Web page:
Our pursuit is making sure there are 7 billion "scientifically-literate" people in the world, says Bly.11.24am: "Start-up maverick development" is different than traditional development, says Shuman, because it is iterative and has a lean model.
Question Box allows people to physically ask a question to a box, then a remote human operator looks up the answer online. In Uganda, Shuman developed a call centre which answered more than 3,000 questions in just a pilot run.
Now Shuman is looking for funding partners to allow communities to run these projects themselves.11.22am: Next we have Rose Shuman, the founder of Question Box, talking about start-up development.
About 12 years there was a "reinvention of how business is done" when companies like Google were born, but in the development world – with US Aid, and others – things stayed the same. Now, we have the "advent of development mavericks."11.19am: People are starting to build tools with Mendeley's open API and Creative Commons license. To encourage that they offer $10,001 for the best app.
Henning cites Tim Berners-Lee, the inventor of the world wide web, who extolled the virtues of unlocking a vast array of knowledge sitting in scientists' computers.11.19am: Henning's Mendeley helps researchers be more efficient. (Seriously, students, try it out – it's unbelievably useful. Like Microsoft Office crossed with existing research software. On steroids. If Office was useful.)
So far, 80m science documents have been uploaded, making Mendeley the largest research database in the world.11.15am: About to get underway again here in New York. Mid-morning session at Guardian Activate New York 2011 about to get underway
Next up is the "lightning quick visionary sound bites from the brightest names on the internet". Up first: Victor Henning, the co-founder of Mendeley.10.39am: Negroponte's one utopian wish: to take all military spending and use it all otherwise.
Fabricant: get all network operators to agree on some simple standards.
Newmark: For people to stand up for what they believe in, for as long as they live.
Lessig: To make the US a place where people can change politics, and stand up for what they believe in.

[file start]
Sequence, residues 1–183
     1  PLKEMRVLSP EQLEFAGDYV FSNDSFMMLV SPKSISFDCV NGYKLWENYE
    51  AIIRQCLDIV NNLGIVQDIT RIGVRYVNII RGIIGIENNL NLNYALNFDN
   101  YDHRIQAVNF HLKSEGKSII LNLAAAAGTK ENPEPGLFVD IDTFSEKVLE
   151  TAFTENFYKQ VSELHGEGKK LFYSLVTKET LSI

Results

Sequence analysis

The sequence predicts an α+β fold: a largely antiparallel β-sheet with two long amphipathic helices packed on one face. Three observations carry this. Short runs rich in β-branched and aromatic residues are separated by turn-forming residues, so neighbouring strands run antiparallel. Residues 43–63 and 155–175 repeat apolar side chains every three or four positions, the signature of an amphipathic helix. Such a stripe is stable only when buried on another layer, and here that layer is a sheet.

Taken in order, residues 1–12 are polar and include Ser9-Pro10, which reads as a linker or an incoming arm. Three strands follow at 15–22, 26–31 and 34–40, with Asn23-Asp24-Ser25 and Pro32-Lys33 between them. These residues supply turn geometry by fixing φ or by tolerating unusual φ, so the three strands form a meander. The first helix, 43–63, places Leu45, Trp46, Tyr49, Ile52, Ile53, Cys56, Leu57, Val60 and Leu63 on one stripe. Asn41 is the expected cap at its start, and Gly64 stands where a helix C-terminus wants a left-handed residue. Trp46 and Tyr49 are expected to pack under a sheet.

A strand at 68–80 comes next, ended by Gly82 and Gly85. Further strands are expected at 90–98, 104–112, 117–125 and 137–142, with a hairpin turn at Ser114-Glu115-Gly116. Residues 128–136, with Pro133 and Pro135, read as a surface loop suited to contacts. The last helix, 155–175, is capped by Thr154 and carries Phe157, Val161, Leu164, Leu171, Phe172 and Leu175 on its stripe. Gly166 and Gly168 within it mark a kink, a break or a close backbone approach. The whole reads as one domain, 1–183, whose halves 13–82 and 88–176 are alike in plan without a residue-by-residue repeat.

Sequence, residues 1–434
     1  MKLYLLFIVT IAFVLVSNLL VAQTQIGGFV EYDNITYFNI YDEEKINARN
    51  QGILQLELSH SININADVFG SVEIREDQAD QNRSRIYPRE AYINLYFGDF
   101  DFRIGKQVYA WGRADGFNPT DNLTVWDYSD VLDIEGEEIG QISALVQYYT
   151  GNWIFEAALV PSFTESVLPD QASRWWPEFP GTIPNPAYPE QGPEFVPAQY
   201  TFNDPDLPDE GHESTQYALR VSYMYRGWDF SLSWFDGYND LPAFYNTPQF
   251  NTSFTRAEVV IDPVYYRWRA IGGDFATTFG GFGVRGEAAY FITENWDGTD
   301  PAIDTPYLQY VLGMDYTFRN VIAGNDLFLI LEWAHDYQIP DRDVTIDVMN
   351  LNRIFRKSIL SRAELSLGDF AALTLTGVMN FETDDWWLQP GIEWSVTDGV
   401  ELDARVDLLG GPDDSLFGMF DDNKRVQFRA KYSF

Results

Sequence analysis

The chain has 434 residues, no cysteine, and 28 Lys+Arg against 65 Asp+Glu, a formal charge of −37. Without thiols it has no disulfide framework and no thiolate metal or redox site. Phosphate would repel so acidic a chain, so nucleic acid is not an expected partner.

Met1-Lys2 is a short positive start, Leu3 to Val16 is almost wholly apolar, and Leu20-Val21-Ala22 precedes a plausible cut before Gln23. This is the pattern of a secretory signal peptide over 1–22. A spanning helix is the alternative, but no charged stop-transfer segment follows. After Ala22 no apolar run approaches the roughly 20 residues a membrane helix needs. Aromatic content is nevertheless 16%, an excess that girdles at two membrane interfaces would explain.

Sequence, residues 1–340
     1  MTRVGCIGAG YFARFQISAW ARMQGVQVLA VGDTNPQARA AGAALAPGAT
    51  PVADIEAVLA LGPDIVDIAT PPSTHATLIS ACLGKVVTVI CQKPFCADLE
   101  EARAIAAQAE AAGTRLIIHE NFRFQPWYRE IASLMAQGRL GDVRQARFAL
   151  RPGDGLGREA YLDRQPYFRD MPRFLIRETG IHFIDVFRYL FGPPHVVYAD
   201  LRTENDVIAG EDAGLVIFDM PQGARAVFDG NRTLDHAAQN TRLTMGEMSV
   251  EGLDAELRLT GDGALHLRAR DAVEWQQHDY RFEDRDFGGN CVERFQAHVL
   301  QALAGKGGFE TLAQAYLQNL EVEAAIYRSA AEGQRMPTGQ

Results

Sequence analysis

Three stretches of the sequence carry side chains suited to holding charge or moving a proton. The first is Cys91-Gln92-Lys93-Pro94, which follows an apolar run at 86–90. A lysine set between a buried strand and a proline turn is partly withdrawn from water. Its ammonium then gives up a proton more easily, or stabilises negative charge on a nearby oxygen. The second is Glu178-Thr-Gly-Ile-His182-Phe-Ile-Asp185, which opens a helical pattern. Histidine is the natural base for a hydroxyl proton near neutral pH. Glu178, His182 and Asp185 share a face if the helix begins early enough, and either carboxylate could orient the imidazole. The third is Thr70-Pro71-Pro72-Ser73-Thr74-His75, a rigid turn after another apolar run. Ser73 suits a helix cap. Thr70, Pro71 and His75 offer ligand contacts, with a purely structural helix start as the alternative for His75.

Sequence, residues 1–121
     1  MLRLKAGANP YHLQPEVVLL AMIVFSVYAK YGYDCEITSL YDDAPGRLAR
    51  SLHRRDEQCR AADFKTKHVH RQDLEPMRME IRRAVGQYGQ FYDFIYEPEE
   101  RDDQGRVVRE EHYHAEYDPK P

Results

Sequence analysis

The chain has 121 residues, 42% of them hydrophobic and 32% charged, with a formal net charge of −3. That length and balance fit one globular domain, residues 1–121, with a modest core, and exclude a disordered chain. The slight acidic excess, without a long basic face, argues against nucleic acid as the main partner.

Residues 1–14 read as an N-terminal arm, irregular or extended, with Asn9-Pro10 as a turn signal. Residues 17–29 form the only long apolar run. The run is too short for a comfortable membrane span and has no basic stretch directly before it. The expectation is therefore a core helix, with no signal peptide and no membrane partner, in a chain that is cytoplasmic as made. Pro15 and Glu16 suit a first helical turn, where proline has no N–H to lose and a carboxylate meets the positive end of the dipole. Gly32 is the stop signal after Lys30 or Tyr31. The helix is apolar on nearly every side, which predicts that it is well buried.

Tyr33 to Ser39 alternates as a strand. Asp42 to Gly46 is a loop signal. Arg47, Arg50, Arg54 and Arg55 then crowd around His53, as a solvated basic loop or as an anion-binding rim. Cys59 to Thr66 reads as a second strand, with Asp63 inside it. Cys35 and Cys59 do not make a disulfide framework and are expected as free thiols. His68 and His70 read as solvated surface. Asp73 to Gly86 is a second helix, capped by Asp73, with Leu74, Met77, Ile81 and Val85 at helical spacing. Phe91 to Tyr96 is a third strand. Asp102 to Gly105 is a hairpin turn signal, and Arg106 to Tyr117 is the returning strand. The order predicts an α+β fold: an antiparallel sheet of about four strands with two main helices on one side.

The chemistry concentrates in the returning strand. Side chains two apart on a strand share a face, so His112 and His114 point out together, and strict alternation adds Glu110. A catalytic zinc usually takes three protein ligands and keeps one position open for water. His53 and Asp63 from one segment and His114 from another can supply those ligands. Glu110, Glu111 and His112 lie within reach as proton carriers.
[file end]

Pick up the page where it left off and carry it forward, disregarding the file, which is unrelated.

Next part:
And with that, we depart for a brief break. Back in 30 minutes.10.32am: Asked about influence of mainstream media, Craig Newmark says that Fox News still sets the agenda in US, but young people on Twitter and Facebook are finding mainstream news "increasingly irrelevant".
Newmark: "By 2020, it won't be a revolution in the media it will be a big rebalancing of power with people curating their own networks of news. That can't come soon enough."
Lessig argues that many of these people curating their own news networks don't vote. Newmark counters that once voting becomes more convenient, more people will vote.10.25am: Question from the audience on net neutrality.
Lessig argues that in past 10 years Washington lobbyists have "completely removed" idea of unanimity around open spectrum and net neutrality. Hundreds of millions of dollars in lobbying funds has obliterated bipartisanship over the issue, he says.10.21am: US needs to recognise that we need to "wage a war against fat cats" who unduly influence policy. It won't be politicians who wage this war, Lessig says, it will be us.
He concludes: "We have lost a democracy dependent on the people alone. The question is whether technology can activate the people to get it back".10.19am: How can technology address this "fundamental flaw" in US democracy? "It helps show how we can join the dots, and engender root-strikers" in two ways:
1) Technology involves and engages people.
2) Technology then inspires people.10.15am: In US congress, the influence of funders means power gets bent towards them, that then leads to a massive loss of trust among the public – 11% have confidence in our congress, said a Gallup report last year – which then disengage from politics. "And it's not just the kids," Lessig says.
He laments a "lost intention of independence" in US democracy.10.14am: Finally, Lawrence Lessig, director of the Edmond J. Safra Center for Ethics, talking about information and democracy.
He says: "Public confidence in truth is affected by money in the wrong place. So to maintain trust, we must ensure proper dependence of government, science, whatever."10.02am: Fabricant: the network is essentially just transmitting bits of information, but there's something bigger going on: it's shifting the dynamics of how people think about societal issues like disease.